In the Heart of Cincinnati

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DCI: Two Decades of Impact and Change


DCI president and CEO David Ginsburg 


Since its founding 20 years ago, Downtown Cincinnati Incorporated (DCI) has played a leading role in the revitalization of downtown. The work of DCI, along with the endeavors of civic and business partners during the past two decades has created a solid foundation for continued success.

In 1994, downtown leaders recognized the importance of developing a vibrant urban core where workers, visitors, and residents could enjoy a great place to live, work, shop, eat and play. DCI was established as a non-profit organization with a mission to build downtown Cincinnati into a clean, safe and welcoming metropolitan center.

To fund the efforts of DCI, the Downtown Cincinnati Improvement District was developed in 1997. The Improvement District is a designated zone where property owners determine the kind and level of enhanced services they need. These services, provided by DCI, are funded by a special assessment, with support and participation from both the City of Cincinnati and Hamilton County.

In the early years, DCI concentrated its efforts on marketing and retail recruitment. After the events of 2001 including the local civil unrest, DCI’s board and the City’s leadership decided the time was right to reevaluate its mission.

By benchmarking successful cities to determine best practices, DCI shifted its focus to four key areas: safe and clean services; marketing and communications; stakeholder services; and leadership and advocacy. The DCI Ambassador Program, which administers the enhanced clean and safe initiatives, is a team of 30 men and women that work to keep downtown clean, act as partners with the police to enhance safety, and provide a friendly face for visitors to downtown.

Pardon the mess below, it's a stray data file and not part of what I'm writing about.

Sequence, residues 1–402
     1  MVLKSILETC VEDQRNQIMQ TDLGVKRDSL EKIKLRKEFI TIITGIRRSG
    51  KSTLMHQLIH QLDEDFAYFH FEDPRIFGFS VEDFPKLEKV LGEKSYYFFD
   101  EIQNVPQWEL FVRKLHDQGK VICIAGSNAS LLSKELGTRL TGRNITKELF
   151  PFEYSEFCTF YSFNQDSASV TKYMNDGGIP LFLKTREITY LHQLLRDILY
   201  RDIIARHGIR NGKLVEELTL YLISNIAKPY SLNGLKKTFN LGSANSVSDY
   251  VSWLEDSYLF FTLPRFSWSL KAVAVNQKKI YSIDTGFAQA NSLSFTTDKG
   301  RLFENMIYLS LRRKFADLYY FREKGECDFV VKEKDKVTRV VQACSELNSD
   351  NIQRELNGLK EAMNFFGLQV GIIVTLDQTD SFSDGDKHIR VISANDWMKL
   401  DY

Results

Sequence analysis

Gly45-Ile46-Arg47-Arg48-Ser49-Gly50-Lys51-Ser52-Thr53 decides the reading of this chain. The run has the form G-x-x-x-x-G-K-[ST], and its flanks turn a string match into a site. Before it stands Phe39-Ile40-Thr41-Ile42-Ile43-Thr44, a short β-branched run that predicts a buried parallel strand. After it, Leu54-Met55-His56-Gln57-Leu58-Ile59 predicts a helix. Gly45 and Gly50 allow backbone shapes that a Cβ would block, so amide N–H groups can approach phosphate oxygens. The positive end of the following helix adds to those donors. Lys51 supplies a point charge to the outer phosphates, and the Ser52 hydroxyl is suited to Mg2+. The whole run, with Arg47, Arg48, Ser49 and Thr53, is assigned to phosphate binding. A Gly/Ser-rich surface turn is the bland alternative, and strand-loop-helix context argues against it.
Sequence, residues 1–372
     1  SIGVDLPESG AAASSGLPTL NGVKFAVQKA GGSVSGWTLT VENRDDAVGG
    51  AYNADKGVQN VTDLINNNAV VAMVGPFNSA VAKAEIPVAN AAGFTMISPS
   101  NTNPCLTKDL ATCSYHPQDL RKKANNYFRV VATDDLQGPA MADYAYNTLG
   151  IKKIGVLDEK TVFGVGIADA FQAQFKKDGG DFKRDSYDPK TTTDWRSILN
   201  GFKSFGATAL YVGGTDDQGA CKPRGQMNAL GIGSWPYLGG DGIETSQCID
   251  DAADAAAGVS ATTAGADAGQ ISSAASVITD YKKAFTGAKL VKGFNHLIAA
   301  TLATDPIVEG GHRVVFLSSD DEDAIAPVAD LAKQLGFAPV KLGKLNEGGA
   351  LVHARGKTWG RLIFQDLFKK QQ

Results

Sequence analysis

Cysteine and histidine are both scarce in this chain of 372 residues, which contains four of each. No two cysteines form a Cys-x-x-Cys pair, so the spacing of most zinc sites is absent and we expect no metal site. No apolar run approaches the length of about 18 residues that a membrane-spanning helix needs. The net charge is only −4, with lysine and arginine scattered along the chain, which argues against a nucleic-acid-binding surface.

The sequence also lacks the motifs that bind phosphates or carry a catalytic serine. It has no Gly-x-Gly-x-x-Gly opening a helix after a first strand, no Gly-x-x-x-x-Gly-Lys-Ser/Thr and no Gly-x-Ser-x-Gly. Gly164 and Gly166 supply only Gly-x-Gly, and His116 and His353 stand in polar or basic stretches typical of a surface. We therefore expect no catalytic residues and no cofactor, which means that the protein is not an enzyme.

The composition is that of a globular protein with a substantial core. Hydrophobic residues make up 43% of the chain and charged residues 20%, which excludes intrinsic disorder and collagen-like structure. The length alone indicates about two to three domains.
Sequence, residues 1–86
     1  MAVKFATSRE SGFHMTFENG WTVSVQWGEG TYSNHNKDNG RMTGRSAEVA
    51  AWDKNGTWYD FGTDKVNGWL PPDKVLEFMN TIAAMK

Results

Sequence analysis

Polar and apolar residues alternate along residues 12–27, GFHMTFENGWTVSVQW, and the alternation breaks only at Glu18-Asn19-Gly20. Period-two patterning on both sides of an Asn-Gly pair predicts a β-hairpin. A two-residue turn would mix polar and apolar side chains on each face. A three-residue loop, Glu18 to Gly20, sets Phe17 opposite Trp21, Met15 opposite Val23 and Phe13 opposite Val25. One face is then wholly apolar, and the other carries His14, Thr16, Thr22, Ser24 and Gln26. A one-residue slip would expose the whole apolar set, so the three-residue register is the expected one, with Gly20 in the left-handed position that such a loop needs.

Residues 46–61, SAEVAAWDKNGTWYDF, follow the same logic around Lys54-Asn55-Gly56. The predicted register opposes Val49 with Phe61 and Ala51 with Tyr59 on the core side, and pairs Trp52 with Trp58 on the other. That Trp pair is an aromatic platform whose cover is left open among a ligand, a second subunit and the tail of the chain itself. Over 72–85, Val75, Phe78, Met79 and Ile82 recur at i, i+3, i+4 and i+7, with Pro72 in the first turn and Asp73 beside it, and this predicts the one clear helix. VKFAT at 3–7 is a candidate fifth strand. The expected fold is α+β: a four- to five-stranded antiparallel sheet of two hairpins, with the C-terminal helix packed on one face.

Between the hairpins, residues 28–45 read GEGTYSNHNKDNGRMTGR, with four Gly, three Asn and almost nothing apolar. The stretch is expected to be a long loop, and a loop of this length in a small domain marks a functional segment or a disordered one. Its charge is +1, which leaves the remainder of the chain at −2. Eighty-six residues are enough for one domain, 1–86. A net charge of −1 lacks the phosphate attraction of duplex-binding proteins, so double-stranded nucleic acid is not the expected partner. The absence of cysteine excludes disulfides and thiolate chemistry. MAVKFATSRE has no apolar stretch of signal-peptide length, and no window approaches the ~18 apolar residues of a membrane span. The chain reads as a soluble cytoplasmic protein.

Charlotte Otto, DCI board chair from 2002 to 2006, says once the organization made headway on creating a clean and safe downtown, members could get down to business.

“This was the point where DCI focused on what they do best and what is most needed,” says Otto. “They were clear on where they needed to add the most value, and everyone was absolutely passionate about making downtown Cincinnati the best place on the planet. Now it is alive in a way it hardly dreamed of being 20 years ago.”

DCI works with partners to ensure that downtown is diverse, welcoming, and inclusive. “DCI is working to at- tract a wide array of restaurants and businesses that will allow minorities to feel more welcome, participate in the downtown economy and provide a richer experience for the downtown visitor,” says Sean Rugless, president and CEO of the African American Chamber. “They also implement perceptions surveys that reach a broad audience so their programs can meet the needs of everyone.”

Through the years, DCI has worked with Cincinnati’s mayors and city managers, along with county, business, and community leaders to work together to make “downtown the best place on the planet” in the 21st century.


For more information, call 513.421.4440 or visit

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In the Heart of Cincinnati

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